Ultrastructural characteristics of human mesenchymal stromal (stem) cells derived from bone marrow and term placenta

Gianandrea Pasquinelli, Pierluigi Tazzari, Francesca Ricci, Cristiana Vaselli, Marina Buzzi, Roberto Conte, Catia Orrico, Laura Foroni, Andrea Stella, Francesco Alviano, Gian Paolo Bagnara, Enrico Lucarelli

Research output: Contribution to journalArticle

108 Scopus citations

Abstract

Human mesenchymal stromal (stem) cells (hMSCs) isolated from adult bone marrow (BM-hMSCs) as well as amnion (AM-hMSCs) and chorion (CM-hMSCs) term placenta leaves were studied by transmission electron microscopy (TEM) to investigate their ultrastructural basic phenotype. At flow cytometry, the isolated cells showed a homogeneous expression of markers commonly used to identify hMSCs, i.e., CD105, CD44, CD90, CD166, HLA-ABC positivities, and CD45, AC133, and HLA-DR negativities. However, TEM revealed subtle yet significant differences. BM-hMSCs had mesenchymal features with dilated cisternae of rough endoplasmic reticulum (rER) and peripheral collections of multiloculated clear blisters; this latter finding mostly representing complex foldings of the plasma membrane could be revelatory of the in situ cell arrangement in the niche microenvironment. Unlike BM-hMSCs, CM-hMSCs were more primitive and metabolically quiescent, their major features being the presence of rER stacks and large peripheral collections of unbound glycogen. AM-hMSCs showed a hybrid epithelial-mesenchymal ultrastructural phenotype; epithelial characters included non-intestinal-type surface microvilli, intracytoplasmic lumina lined with microvilli, and intercellular junctions; mesenchymal features included rER profiles, lipid droplets, and well-developed foci of contractile filaments with dense bodies. These features are consistent with the view that AM-hMSCs have a pluripotent potential. In conclusion, this study documents that ultrastructural differences exist among phenotypically similar hMSCs derived from human bone marrow and term placenta leaves; such differences could be revelatory of the hMSCs in vitro differentiation potential and may provide useful clues to attempt their in situ identification.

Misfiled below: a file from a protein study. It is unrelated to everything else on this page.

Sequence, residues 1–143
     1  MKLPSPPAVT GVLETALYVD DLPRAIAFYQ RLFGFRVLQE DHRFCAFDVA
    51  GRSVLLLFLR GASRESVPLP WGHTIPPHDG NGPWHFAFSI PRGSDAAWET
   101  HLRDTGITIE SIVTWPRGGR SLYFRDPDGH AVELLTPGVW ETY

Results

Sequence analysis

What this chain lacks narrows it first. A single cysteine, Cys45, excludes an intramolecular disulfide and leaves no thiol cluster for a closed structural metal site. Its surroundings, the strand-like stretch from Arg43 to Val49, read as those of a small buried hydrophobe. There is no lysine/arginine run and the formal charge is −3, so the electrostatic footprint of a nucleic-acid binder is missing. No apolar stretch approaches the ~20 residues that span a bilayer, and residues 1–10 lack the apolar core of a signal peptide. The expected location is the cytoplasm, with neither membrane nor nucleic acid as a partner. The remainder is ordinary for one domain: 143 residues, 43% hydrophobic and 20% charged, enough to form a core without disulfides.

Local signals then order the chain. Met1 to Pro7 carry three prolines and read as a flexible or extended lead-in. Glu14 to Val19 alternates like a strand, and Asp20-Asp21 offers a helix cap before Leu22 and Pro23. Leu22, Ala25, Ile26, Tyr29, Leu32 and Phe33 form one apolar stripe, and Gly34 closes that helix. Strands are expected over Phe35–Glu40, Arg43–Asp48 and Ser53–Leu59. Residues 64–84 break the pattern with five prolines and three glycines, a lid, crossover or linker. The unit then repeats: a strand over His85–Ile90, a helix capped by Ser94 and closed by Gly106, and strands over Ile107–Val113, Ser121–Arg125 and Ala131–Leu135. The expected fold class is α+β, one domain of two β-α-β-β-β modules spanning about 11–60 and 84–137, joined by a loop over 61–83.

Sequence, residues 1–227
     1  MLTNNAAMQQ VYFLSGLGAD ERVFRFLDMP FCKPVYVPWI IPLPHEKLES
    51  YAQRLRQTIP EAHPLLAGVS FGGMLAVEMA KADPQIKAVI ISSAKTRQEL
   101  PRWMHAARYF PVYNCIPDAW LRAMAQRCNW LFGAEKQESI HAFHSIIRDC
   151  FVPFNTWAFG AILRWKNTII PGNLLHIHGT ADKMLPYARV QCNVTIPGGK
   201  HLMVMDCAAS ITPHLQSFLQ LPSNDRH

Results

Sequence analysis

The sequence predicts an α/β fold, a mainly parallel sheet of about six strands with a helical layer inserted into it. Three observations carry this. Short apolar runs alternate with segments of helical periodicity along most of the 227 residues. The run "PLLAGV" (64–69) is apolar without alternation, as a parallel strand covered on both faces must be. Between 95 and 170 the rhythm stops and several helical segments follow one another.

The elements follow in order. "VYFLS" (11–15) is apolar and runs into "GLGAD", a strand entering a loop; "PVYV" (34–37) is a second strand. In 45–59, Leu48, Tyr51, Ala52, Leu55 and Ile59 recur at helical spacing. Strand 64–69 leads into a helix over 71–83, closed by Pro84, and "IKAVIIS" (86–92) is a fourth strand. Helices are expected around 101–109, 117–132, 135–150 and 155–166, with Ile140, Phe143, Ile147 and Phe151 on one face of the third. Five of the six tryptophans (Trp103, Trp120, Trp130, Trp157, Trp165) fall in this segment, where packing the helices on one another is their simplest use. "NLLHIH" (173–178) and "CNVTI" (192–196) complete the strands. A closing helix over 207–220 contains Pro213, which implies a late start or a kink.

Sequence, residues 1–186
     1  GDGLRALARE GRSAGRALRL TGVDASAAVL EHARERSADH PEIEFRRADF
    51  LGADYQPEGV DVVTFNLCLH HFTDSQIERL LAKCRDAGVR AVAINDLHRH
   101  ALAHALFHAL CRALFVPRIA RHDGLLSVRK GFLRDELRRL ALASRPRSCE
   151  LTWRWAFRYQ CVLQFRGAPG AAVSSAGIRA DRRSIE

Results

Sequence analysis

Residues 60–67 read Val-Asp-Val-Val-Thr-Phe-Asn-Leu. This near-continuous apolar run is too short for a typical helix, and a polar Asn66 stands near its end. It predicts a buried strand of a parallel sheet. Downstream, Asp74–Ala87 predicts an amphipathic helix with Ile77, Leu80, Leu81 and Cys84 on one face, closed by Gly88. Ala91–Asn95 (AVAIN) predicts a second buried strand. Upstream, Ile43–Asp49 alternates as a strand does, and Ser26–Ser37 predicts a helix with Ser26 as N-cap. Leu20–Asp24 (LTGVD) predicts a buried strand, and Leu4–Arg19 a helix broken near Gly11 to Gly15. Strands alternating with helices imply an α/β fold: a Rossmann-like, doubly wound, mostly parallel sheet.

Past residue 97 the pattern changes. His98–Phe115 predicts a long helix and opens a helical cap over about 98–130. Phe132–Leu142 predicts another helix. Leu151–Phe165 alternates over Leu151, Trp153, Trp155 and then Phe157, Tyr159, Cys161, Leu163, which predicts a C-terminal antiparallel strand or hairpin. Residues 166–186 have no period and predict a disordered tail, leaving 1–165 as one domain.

Original languageEnglish (US)
Pages (from-to)23-31
Number of pages9
JournalUltrastructural Pathology
Volume31
Issue number1
DOIs
StatePublished - Feb 2007

Keywords

  • Amnion human mesenchymal stromal cells
  • Bone marrow human mesenchymal stromal cells
  • Chorion membrane human mesenchymal stromal cells
  • Flow cytometry
  • Mesenchymal stem cells
  • Mesenchymal stromal cells
  • Transmission electron microscopy

ASJC Scopus subject areas

  • Pathology and Forensic Medicine
  • Structural Biology

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